Brightling – St Thomas-à-Becket

The tower, nave, chancel and north chapel are C13 in origin and so, probably, is the eastern part of the north aisle.  All were remodelled in the C14, when the north aisle was was extended to the west end.  There were further alterations in the C15 and the porch is C18.

Brightling is exceptional in the inland parts of Sussex in having a church that is mentioned in Domesday Book (9,31).  It follows from this that the present dedication cannot be the original and Meads suggests this may have been to St Nicholas, which was later that of the north chapel.  Though well inland, its situation on high ground would have made it less wooded and thus attractive to early settlers (Brandon p70).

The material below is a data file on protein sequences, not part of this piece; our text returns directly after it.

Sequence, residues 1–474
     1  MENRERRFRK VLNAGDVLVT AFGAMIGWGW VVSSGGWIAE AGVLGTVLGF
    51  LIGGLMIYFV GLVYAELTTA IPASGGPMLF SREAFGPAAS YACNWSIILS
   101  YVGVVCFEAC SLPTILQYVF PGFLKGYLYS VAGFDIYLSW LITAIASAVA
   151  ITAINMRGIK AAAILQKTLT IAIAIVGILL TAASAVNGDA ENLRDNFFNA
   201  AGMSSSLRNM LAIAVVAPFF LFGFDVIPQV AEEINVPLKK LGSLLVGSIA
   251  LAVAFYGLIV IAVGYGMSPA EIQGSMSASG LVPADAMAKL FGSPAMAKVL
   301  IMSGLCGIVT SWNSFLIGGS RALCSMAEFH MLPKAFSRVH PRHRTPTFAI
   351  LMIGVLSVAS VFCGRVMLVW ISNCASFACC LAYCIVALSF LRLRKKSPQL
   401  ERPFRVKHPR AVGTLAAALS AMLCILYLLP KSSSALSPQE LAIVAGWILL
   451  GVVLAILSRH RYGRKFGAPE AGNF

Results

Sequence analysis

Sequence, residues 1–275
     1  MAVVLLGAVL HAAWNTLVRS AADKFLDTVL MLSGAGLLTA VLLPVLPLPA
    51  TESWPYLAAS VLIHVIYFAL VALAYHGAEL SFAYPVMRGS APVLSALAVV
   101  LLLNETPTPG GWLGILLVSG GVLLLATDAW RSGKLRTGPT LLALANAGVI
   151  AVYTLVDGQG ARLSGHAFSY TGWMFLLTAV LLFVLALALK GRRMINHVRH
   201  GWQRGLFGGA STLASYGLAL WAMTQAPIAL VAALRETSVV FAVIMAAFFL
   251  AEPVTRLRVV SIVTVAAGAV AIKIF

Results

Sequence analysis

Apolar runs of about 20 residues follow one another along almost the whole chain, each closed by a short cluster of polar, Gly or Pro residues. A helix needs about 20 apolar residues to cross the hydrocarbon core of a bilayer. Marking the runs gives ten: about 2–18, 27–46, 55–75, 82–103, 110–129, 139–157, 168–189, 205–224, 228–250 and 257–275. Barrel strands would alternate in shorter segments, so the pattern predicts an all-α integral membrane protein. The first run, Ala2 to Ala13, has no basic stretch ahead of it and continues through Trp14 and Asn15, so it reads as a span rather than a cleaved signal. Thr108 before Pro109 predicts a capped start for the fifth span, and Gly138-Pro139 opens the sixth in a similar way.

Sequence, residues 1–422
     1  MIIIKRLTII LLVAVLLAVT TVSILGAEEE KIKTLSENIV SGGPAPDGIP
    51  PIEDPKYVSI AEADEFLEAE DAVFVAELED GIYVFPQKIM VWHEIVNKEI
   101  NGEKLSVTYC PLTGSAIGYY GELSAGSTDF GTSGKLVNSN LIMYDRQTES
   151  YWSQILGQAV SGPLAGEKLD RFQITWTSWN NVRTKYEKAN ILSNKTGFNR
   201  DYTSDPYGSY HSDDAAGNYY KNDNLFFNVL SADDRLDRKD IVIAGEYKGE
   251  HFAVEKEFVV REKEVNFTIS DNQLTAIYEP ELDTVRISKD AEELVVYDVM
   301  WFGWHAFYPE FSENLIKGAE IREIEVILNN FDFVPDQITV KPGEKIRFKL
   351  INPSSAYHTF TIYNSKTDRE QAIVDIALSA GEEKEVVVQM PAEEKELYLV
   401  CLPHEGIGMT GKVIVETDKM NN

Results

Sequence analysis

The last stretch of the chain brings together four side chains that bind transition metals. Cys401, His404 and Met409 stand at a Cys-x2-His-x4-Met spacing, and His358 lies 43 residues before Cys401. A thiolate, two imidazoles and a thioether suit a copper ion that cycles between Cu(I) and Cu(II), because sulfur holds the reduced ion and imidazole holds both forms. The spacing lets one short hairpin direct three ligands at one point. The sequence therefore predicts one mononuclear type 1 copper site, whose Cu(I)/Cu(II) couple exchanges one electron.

Nothing now obviously predates the C13, though the rubble-masonry of the south wall near its western end could be C11 or C12 as, possibly, the groundplan of the nave could.  Blocked north and south lancets show the tower is C13 and though most detail of the nave and chancel is later, the round-headed south doorway suggests early C13 work, perhaps re-using the older walls.  At the south west corner of the chancel there are the jambs of a probably C13 doorway under the present, later window and immediately to the east is that of a lancet, whilst blocked ones either side of the C14 east window show its dimensions were unaltered after the C13.  The north chapel is again C13, with a complete north lancet and a low two-bay arcade to the chancel, which, though C13, is later than the nave.  Its round pier has an octagonal abacus and the responds differ – the east one is semi-circular and the west one has a foliage corbel.  All roof-timbers are old, but obscured by plaster; that in the nave is of wagon form and is probably C14.